Will the Election Help Normalize Business at the Supreme Court?

Prior to the Presidential Election there was profound uncertainty about the future of the Court.  Before election night many believed Clinton would take the presidency and the democrats would look to move on the Garland nomination or otherwise nominate another candidate to the Supreme Court.  With the Trump victory an entirely new chapter will be written in this saga – this time likely without the inclusion of Judge Garland.

With the empty seat on the Supreme Court since February, this pall of uncertainty led to important decisions and indecisions.  Some speculate that Scalia’s death led Dow Chemical to settle a class-action for fear of a potentially adverse outcome.  This uncertainty was the likely impetus leading general counsels at 44 top companies to sign a letter supporting a Senate vote on the Garland nomination.  Indecision plagued the Court leading to more evenly divided decisions in 2015 than in any other recent Term, and the uncertainty as a product of this indecision was seen as a threat to decisions in a wide array of areas.

The internal dynamic of the Court was also not left unscathed as the seven oral arguments scheduled for December are the fewest number cases set for argument in the middle of a Supreme Court Term in recent memory.

With the election complete and the likelihood of a new nomination on the horizon though, things are likely to shift and are already beginning to do so.  On Friday December 2nd, the Court granted cert in seven cases (three of which are consolidated in one argument).  This hints at a resurgence in the Court’s willingness to tackle a wider slate of issues and a potential return to business (at least somewhat) as usual.

While the Court receives thousands of cert petitions, it is still passive to the extent that cases need to come to this institution.  With business leaders’ uncertainty and public skepticism regarding to Court’s ability to resolve contentious cases with eight members, there was the possibility of apprehension on the part of individuals who would otherwise take cases to the Supreme Court which would lead these people and companies to resolve their disputes without further litigation (just as with the Dow Chemical example).

Now there seems to be a resurgence of action in the Supreme Court and it may have to do with a renewed confidence in the Court’s ability to take care of business.  Since the election the Court’s clerks filed 463 new petitions.  220 petitions for certiorari were entered in the Court’s docket books since November 8th.   The figure below tracks the number of petitions between November 4th (four days prior to the election) and December 1st.


77 of the post-election petitions were pro-se or written by the petitioners themselves who, generally in these cases, are incarcerated and/or lack the funds to hire a petitioning attorney.  28 petitions were filed by the Federal Defender’s Office.  This still leaves a large number filed on behalf of businesses and paying clients.  Add to these the 48 discretionary amicus briefs filed since the middle of November and the discretionary Supreme Court business appears to be booming.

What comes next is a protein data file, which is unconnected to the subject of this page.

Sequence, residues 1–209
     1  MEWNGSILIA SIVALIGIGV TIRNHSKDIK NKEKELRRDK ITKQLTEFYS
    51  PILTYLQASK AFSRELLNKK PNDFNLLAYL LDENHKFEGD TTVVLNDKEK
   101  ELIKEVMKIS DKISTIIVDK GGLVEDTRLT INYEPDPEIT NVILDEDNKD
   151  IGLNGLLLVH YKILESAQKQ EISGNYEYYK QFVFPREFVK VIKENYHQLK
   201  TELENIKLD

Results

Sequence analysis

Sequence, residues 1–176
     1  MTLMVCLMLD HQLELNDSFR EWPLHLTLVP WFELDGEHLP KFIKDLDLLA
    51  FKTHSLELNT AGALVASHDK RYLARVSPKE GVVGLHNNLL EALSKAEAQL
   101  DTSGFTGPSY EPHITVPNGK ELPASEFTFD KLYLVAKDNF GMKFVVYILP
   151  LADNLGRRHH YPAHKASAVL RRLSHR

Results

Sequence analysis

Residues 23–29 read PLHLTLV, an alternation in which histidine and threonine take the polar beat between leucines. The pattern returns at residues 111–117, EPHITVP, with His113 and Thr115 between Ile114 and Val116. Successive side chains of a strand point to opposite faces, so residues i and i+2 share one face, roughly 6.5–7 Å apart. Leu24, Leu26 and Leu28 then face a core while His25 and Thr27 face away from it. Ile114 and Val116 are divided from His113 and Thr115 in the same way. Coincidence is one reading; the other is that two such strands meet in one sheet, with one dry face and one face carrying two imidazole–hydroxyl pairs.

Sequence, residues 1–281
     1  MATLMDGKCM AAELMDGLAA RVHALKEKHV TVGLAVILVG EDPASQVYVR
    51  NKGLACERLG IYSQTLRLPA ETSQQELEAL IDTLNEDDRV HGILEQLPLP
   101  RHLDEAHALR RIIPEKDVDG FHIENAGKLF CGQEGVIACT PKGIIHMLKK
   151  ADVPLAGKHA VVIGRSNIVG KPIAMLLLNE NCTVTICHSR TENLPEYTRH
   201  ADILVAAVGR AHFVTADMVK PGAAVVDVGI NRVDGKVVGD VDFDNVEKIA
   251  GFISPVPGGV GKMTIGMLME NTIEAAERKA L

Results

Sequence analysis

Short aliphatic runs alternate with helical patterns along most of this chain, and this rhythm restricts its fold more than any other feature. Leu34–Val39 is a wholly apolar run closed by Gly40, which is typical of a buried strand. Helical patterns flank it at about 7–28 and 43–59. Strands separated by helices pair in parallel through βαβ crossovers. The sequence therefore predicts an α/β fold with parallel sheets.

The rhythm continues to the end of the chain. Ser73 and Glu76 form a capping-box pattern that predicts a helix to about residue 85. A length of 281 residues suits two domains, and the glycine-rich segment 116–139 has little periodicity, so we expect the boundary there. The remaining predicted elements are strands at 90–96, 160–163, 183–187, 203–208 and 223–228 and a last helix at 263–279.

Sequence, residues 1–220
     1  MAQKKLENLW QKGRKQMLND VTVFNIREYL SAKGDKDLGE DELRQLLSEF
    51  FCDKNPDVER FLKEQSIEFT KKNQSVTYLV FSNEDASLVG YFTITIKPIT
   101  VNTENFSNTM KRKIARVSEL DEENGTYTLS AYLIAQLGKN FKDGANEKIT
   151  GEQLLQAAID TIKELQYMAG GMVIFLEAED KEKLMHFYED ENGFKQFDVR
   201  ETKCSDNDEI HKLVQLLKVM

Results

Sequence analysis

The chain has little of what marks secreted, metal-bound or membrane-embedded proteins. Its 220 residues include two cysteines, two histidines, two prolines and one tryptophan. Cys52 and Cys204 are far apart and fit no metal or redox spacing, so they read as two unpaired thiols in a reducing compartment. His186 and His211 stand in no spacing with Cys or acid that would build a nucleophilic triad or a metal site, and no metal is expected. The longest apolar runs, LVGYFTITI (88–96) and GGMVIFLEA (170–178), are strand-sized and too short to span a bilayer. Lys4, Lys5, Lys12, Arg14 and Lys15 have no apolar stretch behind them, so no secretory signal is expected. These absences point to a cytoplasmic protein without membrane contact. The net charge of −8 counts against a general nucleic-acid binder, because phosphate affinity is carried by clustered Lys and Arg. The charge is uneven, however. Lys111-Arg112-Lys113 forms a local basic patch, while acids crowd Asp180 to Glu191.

In terms of these amicus filings, these clustered in ten cases as can be seen in the chart below.


When we look at the combination of discretionary filings from cert petitions and amicus briefs, we see many Supreme Court regulars looking to partake in the proceedings.  Grouping amicus briefs and cert petitions together, we can see many names well-known to Court on the filings.  The chart below looks at the attorneys who filed more than one cert petition and/or amicus brief in this post-election period.


Among those with multiple filings in this period are various recognizable repeat players.  Along with often paralleling this list, the law firms and interest organizations with multiple filings over this period are some of the most experienced in Supreme Court practice.


Another interesting point of note is the many attorneys from the Twitter-verse that filed briefs or petitions during this period.  These include two cert petitions from Bob Loeb at Orrick (@BobLoeb), a cert petition from Dan Geyser at Stris & Maher (@DanGeyser), an amicus brief by Joseph Carl Cecere (@CecereCarl), a petition from Elbert Lin (@ElbertLin)…and this is only from my limited knowledge of the Supreme Court practitioners with Twitter accounts.

These data appear to point to a potential bidirectional upsurge in the Court’s business with more businesses and individuals seeking to bring cases to the Court and with the Court seeking to take on more cases than the small set of grants up until this point in the Term.  The election is still very recent event, we are far from hearings on a potential nominee, and we very well may not see a new Justice seated before the end of the Term.  Still, the impact of a potentially more certain future can and likely is pushing the Court both from inside and out to begin to return to a more characteristic approach to its business.

On Twitter: @AdamSFeldman

Data Collection and analysis with the aid of: @SamuelPMorse


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